Setting goals and planning ahead can help lay the foundation for future wealth as Cec Busby discovers.
There’s a saying, ‘learn to say no by deciding on yes’, and when it comes to planning your future wealth it’s a good adage to live by. Young people are often overwhelmed by all the possibilities and opportunities life has to offer, so much so that saving money for the future can take a back seat to current needs and desires.
Most millennials want a future where wealth is secure and they live the life they choose – but they’re not always clear on how to achieve this dream. Sometimes it may mean they’re too busy living for today to think about tomorrow.
However, the first thing millennials need to recognise is future wealth doesn’t happen by itself. It’s something we accumulate; and it takes nurturing. Deciding how and when and why you spend your money is the first step to understanding what motivates you to save.
Find your Yes
The clearer your idea of the future, the easier it will be to put plans into place for how your will achieve your goals. It’s a good idea to plan both short and long-term goals. Consider them stepping stones on your path to wealth and you will be amazed at how good it feels when you can check them off.
First consider what you want. Maybe you’ve just moved out of home and you love the idea of going for dinner and hanging out in bars with your friends. By the same token you also realise you want to take a trip overseas and see more of the world.
By saying ‘no’ to constant dinner and drinks you will be one step closer to saying ‘yes’ to your overseas trip… Do you see where I’m going with this? Your yes is your real motivator, it’s your why… your reason d’etre. If you plan your savings goals around your ‘why’, your ‘yes’, your ‘purpose’, you’ll be pleasantly surprised by how quickly you’re motivated to save.
Check your cashflow
Statistics from NAB show millennials often live from pay check to pay check, but if you want to get off the treadmill and change this behaviour you need to understand cash flow.
If you want to be able to save for the future you need to know what you’re spending your cash on today.
Start by analysing your spending for the week. Identify what is essential and what is a luxury and start whittling away. Do you really need three coffees a day from your work’s local barista or could you bring a to go cup from home for your first cup of coffee each day? Something as simple as this could save you $1000 in a year.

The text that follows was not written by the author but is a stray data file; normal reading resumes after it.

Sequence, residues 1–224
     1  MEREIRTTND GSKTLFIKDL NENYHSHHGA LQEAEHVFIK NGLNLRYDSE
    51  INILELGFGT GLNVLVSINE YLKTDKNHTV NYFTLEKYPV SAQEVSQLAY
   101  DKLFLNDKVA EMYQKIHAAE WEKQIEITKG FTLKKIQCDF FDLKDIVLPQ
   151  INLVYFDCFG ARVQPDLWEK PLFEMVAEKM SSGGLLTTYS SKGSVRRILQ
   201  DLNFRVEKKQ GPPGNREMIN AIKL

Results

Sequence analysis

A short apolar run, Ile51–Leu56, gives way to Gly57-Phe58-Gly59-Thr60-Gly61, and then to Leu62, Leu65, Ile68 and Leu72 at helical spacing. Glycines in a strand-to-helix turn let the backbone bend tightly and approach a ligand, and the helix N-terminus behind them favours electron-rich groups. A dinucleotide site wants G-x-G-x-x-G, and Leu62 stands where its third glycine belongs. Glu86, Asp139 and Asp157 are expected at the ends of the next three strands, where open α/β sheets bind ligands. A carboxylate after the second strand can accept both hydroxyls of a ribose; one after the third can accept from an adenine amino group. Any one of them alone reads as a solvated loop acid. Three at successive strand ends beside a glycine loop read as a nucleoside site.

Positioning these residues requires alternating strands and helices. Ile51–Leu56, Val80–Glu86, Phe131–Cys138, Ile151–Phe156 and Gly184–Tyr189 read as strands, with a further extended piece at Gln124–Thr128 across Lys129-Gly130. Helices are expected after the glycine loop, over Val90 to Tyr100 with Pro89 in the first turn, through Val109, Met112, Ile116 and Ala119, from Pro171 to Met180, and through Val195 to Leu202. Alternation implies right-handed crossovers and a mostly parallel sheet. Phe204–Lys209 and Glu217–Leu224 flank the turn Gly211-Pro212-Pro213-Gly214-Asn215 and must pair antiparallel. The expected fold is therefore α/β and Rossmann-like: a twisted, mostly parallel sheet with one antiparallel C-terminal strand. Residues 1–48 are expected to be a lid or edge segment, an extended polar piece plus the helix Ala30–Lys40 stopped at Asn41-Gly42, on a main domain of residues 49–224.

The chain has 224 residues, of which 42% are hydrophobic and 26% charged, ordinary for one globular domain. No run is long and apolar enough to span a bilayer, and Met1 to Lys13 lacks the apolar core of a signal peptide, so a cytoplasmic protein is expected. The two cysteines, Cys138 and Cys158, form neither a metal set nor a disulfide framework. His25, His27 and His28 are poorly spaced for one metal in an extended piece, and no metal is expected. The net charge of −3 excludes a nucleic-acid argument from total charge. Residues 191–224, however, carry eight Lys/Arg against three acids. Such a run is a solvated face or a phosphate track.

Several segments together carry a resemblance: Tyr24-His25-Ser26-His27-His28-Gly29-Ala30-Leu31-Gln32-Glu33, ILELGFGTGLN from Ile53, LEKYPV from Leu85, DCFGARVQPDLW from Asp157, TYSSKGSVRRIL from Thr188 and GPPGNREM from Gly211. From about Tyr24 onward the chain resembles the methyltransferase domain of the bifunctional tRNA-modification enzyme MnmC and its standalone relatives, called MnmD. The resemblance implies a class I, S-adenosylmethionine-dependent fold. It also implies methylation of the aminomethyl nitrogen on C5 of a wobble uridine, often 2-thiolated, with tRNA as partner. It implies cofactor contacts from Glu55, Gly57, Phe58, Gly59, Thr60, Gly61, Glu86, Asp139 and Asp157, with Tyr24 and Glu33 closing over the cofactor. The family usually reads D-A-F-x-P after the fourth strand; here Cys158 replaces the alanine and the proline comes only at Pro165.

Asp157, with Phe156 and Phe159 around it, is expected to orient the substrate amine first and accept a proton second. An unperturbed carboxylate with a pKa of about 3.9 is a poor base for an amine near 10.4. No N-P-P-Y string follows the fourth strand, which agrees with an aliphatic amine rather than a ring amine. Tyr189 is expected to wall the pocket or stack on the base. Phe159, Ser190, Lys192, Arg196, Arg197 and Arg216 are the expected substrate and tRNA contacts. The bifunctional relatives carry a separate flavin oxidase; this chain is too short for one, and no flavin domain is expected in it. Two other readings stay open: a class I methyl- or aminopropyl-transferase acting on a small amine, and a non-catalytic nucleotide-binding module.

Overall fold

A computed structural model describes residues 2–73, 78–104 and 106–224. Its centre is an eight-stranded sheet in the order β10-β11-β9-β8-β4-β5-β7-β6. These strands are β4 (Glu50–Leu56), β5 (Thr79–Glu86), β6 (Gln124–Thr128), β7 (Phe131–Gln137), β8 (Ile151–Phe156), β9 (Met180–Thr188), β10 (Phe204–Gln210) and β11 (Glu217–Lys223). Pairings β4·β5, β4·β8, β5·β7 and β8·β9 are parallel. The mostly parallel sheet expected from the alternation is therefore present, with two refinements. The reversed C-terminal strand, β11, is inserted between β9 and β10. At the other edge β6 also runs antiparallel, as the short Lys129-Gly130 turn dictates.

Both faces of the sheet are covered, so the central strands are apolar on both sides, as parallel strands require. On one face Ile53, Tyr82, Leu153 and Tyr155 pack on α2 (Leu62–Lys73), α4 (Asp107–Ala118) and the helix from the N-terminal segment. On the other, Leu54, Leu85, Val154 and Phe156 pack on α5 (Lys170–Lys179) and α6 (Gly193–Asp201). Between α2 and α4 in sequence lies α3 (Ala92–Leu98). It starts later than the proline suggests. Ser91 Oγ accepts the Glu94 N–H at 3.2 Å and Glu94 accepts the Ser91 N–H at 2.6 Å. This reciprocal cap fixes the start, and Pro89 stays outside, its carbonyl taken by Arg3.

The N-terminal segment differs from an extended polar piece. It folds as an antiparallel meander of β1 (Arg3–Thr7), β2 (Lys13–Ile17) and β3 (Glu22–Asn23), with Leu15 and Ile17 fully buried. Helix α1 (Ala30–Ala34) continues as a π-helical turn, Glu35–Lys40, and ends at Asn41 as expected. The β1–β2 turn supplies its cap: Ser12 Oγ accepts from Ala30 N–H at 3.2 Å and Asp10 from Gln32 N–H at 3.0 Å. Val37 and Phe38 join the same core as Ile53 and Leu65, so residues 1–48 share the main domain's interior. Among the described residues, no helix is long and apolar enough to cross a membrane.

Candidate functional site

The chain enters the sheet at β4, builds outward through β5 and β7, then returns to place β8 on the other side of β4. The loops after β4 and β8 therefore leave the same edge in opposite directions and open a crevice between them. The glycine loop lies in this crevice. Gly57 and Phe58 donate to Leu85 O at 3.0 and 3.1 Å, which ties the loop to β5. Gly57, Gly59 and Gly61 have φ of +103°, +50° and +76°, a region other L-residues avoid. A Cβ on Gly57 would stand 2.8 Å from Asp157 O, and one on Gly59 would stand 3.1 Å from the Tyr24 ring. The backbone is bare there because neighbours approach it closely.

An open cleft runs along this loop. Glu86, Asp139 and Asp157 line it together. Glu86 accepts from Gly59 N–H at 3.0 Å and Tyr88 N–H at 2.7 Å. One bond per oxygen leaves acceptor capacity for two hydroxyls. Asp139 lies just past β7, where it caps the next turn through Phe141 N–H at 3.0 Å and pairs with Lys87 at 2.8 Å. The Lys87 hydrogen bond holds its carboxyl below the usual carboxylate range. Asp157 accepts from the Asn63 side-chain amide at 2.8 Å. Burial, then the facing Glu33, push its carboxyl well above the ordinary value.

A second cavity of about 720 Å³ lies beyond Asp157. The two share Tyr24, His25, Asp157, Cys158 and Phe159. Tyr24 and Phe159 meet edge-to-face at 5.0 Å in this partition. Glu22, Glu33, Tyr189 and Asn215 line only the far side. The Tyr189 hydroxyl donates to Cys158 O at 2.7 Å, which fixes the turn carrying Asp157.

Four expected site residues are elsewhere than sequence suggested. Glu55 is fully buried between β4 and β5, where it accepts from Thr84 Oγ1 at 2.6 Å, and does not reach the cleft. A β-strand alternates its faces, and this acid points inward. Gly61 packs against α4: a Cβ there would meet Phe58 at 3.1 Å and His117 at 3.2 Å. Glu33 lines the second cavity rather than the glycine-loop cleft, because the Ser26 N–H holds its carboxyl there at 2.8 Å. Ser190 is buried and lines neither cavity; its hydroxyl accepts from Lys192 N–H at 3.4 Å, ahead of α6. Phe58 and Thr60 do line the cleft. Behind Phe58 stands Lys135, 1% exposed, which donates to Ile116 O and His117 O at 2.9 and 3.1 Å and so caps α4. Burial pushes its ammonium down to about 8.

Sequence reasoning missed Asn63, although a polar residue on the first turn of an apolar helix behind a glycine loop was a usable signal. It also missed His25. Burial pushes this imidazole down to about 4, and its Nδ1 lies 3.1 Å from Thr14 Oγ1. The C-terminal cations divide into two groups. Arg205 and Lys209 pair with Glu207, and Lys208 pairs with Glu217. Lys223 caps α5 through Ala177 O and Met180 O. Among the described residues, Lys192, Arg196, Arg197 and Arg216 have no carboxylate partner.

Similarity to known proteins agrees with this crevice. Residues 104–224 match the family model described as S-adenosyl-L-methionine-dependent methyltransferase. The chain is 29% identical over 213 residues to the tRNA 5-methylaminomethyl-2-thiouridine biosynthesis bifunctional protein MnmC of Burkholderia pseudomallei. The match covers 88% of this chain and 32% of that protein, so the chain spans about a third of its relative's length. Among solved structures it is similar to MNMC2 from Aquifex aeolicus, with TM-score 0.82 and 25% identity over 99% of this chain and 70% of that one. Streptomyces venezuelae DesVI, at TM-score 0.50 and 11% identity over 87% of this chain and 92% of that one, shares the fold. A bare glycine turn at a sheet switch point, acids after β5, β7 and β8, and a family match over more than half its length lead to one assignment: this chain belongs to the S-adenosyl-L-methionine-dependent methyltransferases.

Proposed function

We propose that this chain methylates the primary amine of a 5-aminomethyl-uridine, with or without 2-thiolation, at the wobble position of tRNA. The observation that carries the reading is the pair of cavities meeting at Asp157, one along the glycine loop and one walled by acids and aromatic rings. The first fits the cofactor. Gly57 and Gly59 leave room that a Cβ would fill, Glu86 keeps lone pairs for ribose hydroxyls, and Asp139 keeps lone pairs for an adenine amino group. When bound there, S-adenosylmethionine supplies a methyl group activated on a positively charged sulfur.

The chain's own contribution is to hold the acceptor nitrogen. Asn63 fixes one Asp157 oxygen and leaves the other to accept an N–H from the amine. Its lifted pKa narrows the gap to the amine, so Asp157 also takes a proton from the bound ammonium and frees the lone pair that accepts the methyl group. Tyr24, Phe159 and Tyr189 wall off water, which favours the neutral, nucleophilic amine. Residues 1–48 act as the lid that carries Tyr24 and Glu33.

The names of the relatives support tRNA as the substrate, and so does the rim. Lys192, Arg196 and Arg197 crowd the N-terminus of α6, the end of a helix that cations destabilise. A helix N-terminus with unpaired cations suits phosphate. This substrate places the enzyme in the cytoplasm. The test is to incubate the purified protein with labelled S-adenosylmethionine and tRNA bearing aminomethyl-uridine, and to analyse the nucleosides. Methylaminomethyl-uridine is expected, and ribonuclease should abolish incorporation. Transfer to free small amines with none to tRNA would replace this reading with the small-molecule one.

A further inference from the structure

Siphon off some savings
It’s a simple way to save and in the first instance. Plus the automatic nature ensures you are more likely to meet your savings goals and less likely to spend.
Cut back on past and present debt
You’ve got bills and rent to pay and maybe a personal loan or credit cards and this is all before you even think about buying food or having fun. Then there’s all those subscription services, not to mention your cable and internet.
All these things add up to past and present debt leaving you very little currency to save for the future.
One good idea is to do an audit of your subscription services and check what it is your spending on. You may be surprised at the total. In some cases you may have even opted for a free trial and then wound up on a subscription plan because you failed to cancel. The money keeps coming out of your account and you’re no longer using the service. I mean do you really need Amazon music and Apple Music and Spotify? C’mon…
Give yourself some mad money
Purposely allow yourself some money in you wage that is simply, what my grandmother used to call ‘mad money’. That is money with which you can do with whatever you please. If you have money put aside each wage cycle for spontaneous spending you will be more inclined to meet your savings goals in future.
Setting yourself up for financial success is easier when you take baby steps. Even if you just take action by adopting one of the tactics above it will give you some wriggle room to start saving for the future you want in the years ahead.